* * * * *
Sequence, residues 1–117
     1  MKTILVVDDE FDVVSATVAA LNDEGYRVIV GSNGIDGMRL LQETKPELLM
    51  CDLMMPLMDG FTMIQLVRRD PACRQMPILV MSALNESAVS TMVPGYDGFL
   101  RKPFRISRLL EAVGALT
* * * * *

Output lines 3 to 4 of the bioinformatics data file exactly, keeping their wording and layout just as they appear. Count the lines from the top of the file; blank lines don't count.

    51  CDLMMPLMDG FTMIQLVRRD PACRQMPILV MSALNESAVS TMVPGYDGFL
   101  RKPFRISRLL EAVGALT